Project Profile: The Roy Lichtenstein Catalogue Raisonné

"Roy on Ladder, 1991" - Photograph © Laurie Lambrecht,1991

“Roy on Ladder, 1991” – Photograph © Laurie Lambrecht,1991

Artist:  Roy Lichtenstein (1923 – 1997)
Planned Title: Roy Lichtenstein: A Catalogue Raisonné
Scope: The catalogue will illustrate every confirmed work and publish all known paintings, sculpture, drawings, prints, commissions and other artwork by Roy Lichtenstein. The artist produced approximately 5,000 works during his lifetime (not counting the full edition runs of prints or multiples).
Years Covered:  The earliest works date from c. 1940 and the latest, 1997, plus a limited number of posthumous sculpture casts and prints.
Print or Digital:  We are planning to publish first an online catalogue version. When persuasively complete, we expect to issue a summary of our research in book form, distributed by a major University Press.
Database:  The Museum System (TMS) until 2011; panOpticon since then.
Schedule:  A first digital version is planned to be online in 2017.
Publisher: To be defined
Organized by:  The catalogue is organized and managed by the Roy Lichtenstein Foundation. Jack Cowart (Executive Director), Andrea C. Theil (Project Manager).

CRSA:  What are some of the Roy Lichtenstein Catalogue Raisonné’s primary resources?
RLCR:  Since its beginning in 1999, the Roy Lichtenstein Foundation has been systematically sorting through the extensive artist studio records. Lichtenstein and his studio staff photographed most of his artworks in the studio, and they accumulated contemporary documentation about his art, commissions, editions, and exhibitions. The material includes correspondence, exhibition files, catalogues, source books, studio and installation photographs as well as films, video, audio tapes and other materials related to the creation and production of Lichtenstein’s art. Of major importance are also the artwork and documentation held by the Estate of Roy Lichtenstein. When it comes to technical questions we are continuously benefiting from the experience of Lichtenstein’s longtime studio assistants.

Provenance research usually starts with looking through the comprehensive Leo Castelli Gallery records at the Archives of American Art which cover the long relationship between the artist and his lifetime gallerist. We also refer to the oral histories conducted over the past decade by Avis Berman on behalf of the Foundation. She interviewed (and still interviews) family members, friends, and studio staff as well as people who were involved directly or indirectly in Lichtenstein’s creative life. Our research is enriched by the detailed memories and deep knowledge of Lichtenstein’s art offered by his widow Dorothy Lichtenstein.

CRSA:  What specific challenges do you face in preparing the RL Catalogue Raisonné?
RLCR:  One of our challenges is the attempt to create a complex online reference tool which covers numerous aspects of Lichtenstein’s work – sometimes it is rather difficult to establish a clear and integrated architecture. But with the help of our panOpticon database we are making great progress.

CRSA: Will the existing RL Catalogue Raisonné of Prints be included in your online CR version?
RLCR:  Yes, it will. Lichtenstein was a prolific print maker, and we are happy to say that the existing catalogue raisonné of his prints (published by Hudson Hills press in association with the National Gallery of Art, Washington, D.C.) has absolved us of having to redo that part of his work. But we will reorganize the records, making minor corrections as we have been able to find new info.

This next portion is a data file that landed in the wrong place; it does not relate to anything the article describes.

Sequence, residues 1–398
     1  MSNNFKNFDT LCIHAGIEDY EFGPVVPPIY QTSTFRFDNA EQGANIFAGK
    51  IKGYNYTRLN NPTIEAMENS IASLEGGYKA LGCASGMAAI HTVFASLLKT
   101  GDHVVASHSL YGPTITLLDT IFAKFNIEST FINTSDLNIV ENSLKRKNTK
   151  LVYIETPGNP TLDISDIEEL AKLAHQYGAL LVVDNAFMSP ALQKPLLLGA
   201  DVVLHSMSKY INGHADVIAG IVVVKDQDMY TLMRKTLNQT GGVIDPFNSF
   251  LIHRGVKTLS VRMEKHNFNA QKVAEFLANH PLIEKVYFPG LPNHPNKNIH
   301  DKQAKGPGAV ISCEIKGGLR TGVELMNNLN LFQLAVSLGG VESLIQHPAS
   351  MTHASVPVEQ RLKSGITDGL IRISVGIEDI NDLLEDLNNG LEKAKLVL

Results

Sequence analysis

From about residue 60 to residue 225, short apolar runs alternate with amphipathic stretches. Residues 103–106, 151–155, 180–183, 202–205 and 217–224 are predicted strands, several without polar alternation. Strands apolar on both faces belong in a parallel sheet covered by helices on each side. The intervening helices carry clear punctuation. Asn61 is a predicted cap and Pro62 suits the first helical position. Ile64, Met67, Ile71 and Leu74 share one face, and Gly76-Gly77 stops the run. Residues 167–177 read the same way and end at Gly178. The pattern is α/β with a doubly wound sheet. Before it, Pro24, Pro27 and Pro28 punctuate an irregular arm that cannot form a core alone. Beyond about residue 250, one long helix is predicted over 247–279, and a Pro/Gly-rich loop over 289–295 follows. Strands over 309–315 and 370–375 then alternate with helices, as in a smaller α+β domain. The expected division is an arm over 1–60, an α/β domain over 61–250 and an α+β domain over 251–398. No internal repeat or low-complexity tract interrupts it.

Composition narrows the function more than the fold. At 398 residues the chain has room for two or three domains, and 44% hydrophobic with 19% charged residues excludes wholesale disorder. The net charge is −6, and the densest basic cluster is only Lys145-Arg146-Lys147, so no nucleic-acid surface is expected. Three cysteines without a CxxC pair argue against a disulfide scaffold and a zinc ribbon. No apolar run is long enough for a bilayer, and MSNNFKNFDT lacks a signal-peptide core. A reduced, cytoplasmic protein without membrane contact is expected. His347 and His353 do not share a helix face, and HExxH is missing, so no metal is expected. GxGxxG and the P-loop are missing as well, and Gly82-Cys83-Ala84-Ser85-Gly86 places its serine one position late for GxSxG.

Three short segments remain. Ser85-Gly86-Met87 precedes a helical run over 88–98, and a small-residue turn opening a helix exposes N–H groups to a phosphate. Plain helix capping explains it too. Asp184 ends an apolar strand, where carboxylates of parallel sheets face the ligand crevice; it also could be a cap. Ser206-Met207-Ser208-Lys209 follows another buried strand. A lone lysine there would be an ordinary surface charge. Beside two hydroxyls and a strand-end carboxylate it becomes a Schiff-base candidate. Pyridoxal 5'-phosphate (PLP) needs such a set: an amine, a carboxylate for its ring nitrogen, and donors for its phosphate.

For more information, please refer to the Lichtenstein Foundation’s website, or contact

Ask the Reference Desk: Are there agreed “best practices” for building a catalogue raisonné?


At the CRSA’s recent Business Meeting at CAA, one member mentioned how difficult she was finding it to establish “best practices” for beginning and building a catalogue raisonné.  Other members agreed.  From organizational questions such as, is an editorial or advisory board necessary, to practical questions such as, how much information should be included in the published provenance – it seems there is no one place to find all the answers.

This is, in fact, broadly the case.  And for a good reason:  since every project is different (and every artist presents different challenges), it is hard if not impossible to establish what might work best for everyone.  However, this is not to say that more could not be done to help answer some of the questions we all seem to come across in our work.

CRSA is hoping to take on this unique challenge in 2014.  By finding more opportunities for CR projects (both in progress and complete) to compare procedures and standards, we may better help those just getting started.  Look for news on upcoming events and surveys.

In the meantime, members recommend reviewing published catalogues raisonnés – introductory sections often provide a “guide to entries” that explains an author’s research methodology.  And the International Foundation for Art Research (IFAR) is generous to provide the proceeding of their 2001 conference “Catalogues Raisonnés and the Authentication Process: Where the Ivory Tower Meets the Marketplace,” a document that many projects have found to be a valuable resource.  But, overall, we find time and time again that the best and fastest resource is our community of CR scholars.  Help us all connect by posting questions to the Listserv, joining CRSA events to network with the community, and keep checking the Forum for Project Profiles and more Reference Desk questions. 

Events: Informational Session on Proposed Legislation to Protect Scholars Issuing Opinions